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Staff Sgt. Alisa Licata, from Yucca Valley, California, a career counselor for 4th Squadron and Staff Sgt. Jennifer Licata, from Mira Loma, California, a career counselor for Regimental Support Squadron, 3rd Cav. Regt. met during basic training on Valentine’s Day in 2012 and married on Sept. 9, 2013.

On February 14, 2012, Alisa Licata and Jennifer Mozeleski met at Military Police One Station Unity Training. Little did they know that nine years later they would be serving as a dual military couple, in the 3rd Cavalry Regiment as staff sergeants and Army Career Counselors.

“We were in the same platoon together at basic training and I couldn’t stand Jennifer,” Alisa who is from Yucca Valley, California, said. “Then I found out that we were going to be stationed at Fort Campbell together and I decided we better become friends because she was the only female that I knew.”

Jennifer is from Mira Loma, California, about an hour from Yucca Valley, so they decided to drive from California to Kentucky together. They ended up serving in two different companies in the 716th MP Battalion and quickly became best friends. After “Don’t Ask, Don’t Tell” was repealed, they were married on Sept. 9, 2013.

Marriage has not always been easy for the Licatas and they haven’t always received support, but all that changed in 2014 when they took their next assignment to Hawaii. It was serving in the 552nd MP Company together where they received support from their leadership. Today, they remain in contact with their old leadership and look to them as mentors.

“In the beginning, it was awful. When Don’t Ask, Don’t Tell was first repealed, we told our leadership that we wanted to get married and we were told that we were faking it and abusing the system. At first we were looked at differently and asked inappropriate questions,” Alisa said. “When we transferred to Hawaii, more people were integrated and comfortable and we were able to be ourselves and we were accepted.”

In 2018, Alisa changed her Military Occupational Specialty to career counselor. She is currently with 4th Squadron and was selected the 2020 Army Career Counselor of the Year. That same year, Jennifer decided to leave the Army. Eight months later, she rejoined as Military Intelligence and re-classified to career counselor in December 2020.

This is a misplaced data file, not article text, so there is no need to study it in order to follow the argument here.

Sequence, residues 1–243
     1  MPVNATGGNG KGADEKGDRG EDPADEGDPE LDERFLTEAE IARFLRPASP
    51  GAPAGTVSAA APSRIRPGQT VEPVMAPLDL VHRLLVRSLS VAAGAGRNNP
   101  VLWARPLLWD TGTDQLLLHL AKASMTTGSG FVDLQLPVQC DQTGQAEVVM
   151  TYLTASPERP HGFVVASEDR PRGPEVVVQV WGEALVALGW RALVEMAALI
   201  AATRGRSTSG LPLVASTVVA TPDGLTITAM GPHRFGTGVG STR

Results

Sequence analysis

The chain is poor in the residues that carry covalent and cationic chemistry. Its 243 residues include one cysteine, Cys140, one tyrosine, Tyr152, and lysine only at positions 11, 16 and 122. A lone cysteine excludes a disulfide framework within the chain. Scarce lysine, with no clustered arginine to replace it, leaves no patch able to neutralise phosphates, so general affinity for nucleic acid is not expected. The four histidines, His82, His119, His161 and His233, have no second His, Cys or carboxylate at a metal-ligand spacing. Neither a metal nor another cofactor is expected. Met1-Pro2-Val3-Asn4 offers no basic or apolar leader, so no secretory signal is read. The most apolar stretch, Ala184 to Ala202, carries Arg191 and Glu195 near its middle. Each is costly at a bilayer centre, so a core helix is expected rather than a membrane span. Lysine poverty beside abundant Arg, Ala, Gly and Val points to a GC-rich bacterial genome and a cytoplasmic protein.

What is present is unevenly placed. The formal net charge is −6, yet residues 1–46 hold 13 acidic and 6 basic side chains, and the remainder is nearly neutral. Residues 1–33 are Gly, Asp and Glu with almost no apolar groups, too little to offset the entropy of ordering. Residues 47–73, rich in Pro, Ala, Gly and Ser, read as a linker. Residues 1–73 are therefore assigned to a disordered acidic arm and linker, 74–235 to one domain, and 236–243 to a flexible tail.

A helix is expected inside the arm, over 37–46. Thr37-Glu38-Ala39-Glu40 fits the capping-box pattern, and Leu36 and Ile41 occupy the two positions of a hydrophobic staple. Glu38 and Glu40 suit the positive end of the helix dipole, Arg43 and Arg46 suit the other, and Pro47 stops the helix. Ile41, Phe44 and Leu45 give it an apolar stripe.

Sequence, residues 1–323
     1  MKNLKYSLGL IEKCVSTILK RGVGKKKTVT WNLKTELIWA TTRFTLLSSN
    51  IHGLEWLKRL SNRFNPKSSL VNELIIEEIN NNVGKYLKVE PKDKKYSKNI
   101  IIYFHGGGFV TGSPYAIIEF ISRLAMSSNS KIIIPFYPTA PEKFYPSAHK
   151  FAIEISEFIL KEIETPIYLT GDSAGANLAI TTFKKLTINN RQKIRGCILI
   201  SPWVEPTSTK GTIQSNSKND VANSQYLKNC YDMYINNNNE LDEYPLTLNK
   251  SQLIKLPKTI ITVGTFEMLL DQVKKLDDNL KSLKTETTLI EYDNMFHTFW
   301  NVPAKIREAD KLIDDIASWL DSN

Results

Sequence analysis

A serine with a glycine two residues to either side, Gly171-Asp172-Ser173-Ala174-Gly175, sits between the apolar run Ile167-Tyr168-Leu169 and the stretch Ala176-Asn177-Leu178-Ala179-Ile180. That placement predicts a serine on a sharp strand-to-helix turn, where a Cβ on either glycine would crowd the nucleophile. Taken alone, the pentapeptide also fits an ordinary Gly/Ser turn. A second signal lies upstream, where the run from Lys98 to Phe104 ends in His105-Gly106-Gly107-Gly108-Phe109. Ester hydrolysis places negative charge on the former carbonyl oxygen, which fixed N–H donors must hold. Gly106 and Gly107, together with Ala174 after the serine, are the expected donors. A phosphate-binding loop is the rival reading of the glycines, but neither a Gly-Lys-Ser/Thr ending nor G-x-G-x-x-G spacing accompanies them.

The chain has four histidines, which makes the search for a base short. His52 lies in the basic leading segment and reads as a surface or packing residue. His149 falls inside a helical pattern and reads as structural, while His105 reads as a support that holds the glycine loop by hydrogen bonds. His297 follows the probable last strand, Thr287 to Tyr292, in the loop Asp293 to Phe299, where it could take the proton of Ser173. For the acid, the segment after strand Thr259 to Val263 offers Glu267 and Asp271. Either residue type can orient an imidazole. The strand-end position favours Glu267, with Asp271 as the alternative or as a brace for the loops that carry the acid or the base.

“We liked it when we were both MP’s because we could relate to each other,” Alisa said. “Our schedules were different when we weren’t in the same MOS and Jennifer is such a people person, I suggested she become a career counselor.”    

Taking her wife’s suggestion, Jennifer is now a career counselor for the Regimental Support Squadron. She said she has enjoyed every job that she has had in the military, but she believes that becoming a career counselor has also made their marriage stronger.

“I always wanted to be involved in what she is doing, so decided to re-class as a career counselor so we could understand each other’s job,” Jennifer said.

The Licatas have found several things that help them maintain a strong, positive marriage.

“Our values and morals are alike. When we are together, we want to spend as much as possible together and we don’t have girl’s night and spend time apart. We literally do everything together,” Alisa said. “We have been on lots of rotations where we are apart, so we value our time together.”

As an example, in the car on their way home at night they vent about work, but when they get home, they focus on other things. They also workout together every day and enjoy going out and doing other activities together when they can.

 “We do have our days where it is too much, but we have found that we communicate really well and we want things to work out, so if we have to let go of something for everything to be fine, then we do and we have a lot of the same interests,” Jennifer said. “Communication is so important. We have went to couples retreats a lot and that has really helped.”

Alisa recommends that couples take advantage of all the programs that the military offers.

“They are there to help and they really do,” she said. “It’s also important to be able to separate work from home life. That was one of the biggest things we had to work on. I love being dual military. Nobody can relate to me like she can and she knows my life and I know hers, but you have to be able to separate the two.”